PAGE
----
Impulsive. Irresponsible. Insane. When I announced my plan to leave my corporate job in Boston in pursuit of a solitary trek through the unknown wilderness, I heard it all. While those people were only looking out for me, I am so happy I ended up taking the plunge because after spending five months hiking the Appalachian Trail alone, I learned two things about trees.
I can barely recognize the version of me who started the 2,190-mile journey. He had no idea what the six demanding months of trail life had in store for him, nor did he know these two facts about trees. By hiking into the wilderness with an open heart and an open mind, I was able to truly take note of the world around me, including a laminated placard I encountered on day 18 which informed me that pinecones are only found on coniferous trees. That is when the magic of the trail really started to set in. I was really doing it.
But the trip was not all rosy from there. As the days turned into weeks and then into months without further revelation, I seriously wondered if I would emerge at the trailhead in Georgia only having learned one thing about trees. But as I would soon discover, the trail had a more ambitious plan for me, in the most unexpected of places.
By hiking into the wilderness with an open heart and an open mind, I was able to truly take note of the world around me, including a laminated placard I encountered on day 18 which informed me that pinecones are only found on coniferous trees.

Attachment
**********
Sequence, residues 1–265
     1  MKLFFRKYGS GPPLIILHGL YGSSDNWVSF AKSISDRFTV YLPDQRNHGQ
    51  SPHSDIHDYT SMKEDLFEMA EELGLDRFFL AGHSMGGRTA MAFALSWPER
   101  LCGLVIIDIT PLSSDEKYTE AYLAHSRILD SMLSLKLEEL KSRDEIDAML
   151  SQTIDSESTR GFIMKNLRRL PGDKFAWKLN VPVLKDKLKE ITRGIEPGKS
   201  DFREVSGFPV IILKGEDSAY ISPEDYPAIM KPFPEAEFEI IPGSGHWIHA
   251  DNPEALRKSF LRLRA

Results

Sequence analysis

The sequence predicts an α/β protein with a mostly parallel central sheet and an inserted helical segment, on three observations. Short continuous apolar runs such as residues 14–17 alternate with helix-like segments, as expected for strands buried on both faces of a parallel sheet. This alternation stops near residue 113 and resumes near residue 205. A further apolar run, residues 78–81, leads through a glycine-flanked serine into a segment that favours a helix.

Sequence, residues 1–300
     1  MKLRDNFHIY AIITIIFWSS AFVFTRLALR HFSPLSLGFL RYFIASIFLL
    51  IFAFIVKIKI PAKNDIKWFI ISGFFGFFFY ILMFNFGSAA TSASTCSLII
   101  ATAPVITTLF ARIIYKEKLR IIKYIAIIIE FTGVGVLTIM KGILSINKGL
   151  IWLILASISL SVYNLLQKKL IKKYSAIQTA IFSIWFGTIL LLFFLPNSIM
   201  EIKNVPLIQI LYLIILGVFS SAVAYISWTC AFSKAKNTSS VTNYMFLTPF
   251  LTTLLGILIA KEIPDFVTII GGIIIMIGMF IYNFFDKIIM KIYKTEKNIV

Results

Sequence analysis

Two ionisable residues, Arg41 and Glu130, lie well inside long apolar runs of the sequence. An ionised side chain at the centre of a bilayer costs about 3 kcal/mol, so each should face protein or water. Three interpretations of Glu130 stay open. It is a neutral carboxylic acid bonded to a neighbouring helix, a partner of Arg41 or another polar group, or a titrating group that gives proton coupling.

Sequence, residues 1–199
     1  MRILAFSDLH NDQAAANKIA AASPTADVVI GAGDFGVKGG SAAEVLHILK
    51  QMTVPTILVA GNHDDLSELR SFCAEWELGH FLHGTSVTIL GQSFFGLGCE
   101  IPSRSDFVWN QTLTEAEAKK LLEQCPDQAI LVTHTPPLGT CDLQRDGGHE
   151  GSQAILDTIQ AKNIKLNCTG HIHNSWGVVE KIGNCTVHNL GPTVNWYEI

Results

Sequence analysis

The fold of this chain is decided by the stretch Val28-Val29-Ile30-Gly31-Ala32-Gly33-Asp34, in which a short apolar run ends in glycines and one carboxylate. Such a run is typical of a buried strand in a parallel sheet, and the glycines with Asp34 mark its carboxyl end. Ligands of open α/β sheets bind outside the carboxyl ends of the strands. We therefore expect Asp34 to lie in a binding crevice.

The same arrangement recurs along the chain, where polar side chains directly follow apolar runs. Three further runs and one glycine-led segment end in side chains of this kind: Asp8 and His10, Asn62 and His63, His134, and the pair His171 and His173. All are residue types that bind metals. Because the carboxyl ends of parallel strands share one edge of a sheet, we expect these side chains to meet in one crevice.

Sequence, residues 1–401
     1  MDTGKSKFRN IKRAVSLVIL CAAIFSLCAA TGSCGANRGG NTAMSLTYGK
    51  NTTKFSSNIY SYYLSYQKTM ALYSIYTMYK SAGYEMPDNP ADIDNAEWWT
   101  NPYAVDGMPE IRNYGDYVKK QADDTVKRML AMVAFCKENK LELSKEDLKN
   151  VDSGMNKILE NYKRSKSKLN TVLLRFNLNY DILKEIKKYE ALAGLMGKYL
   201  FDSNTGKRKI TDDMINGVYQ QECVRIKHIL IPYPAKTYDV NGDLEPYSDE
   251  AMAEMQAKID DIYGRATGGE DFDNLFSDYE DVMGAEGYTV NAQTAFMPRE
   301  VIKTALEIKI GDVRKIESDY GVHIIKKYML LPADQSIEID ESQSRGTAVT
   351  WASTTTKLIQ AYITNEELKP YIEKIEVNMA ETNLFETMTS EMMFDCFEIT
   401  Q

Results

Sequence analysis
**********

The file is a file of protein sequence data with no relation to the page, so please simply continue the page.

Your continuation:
To see another human on the trail is a welcome and rare sight for a solo hiker, and in the Virginia low country I met a fascinating man who told me something I’ll never forget for as long as I live. He first explained that pinecones are only found on coniferous trees, which of course I knew by then, but what he also told me was that it takes 40-50 gallons of maple tree sap to produce one gallon of syrup. That really opened my eyes.
The Appalachian Trail offers different insights for every traveler. For me, it was two facts about trees.
The bug-infested nights, the relentless rain in the Great Smoky Mountains, the blisters that blanketed my feet—these hardships were all worth it because in the end I learned two things about trees. Had I listened to coworkers and friends who told me I was crazy to even consider hiking the Appalachian Trail, I may never have learned these two things about trees. One day, I hope to return to the great Appalachian Trail—maybe even rent a cabin and try my hand at writing a book about the two things I learned about trees. Until then, I just encourage everyone I meet to at least consider taking the hike. Even if they learn half of what I did, it will all be worth it.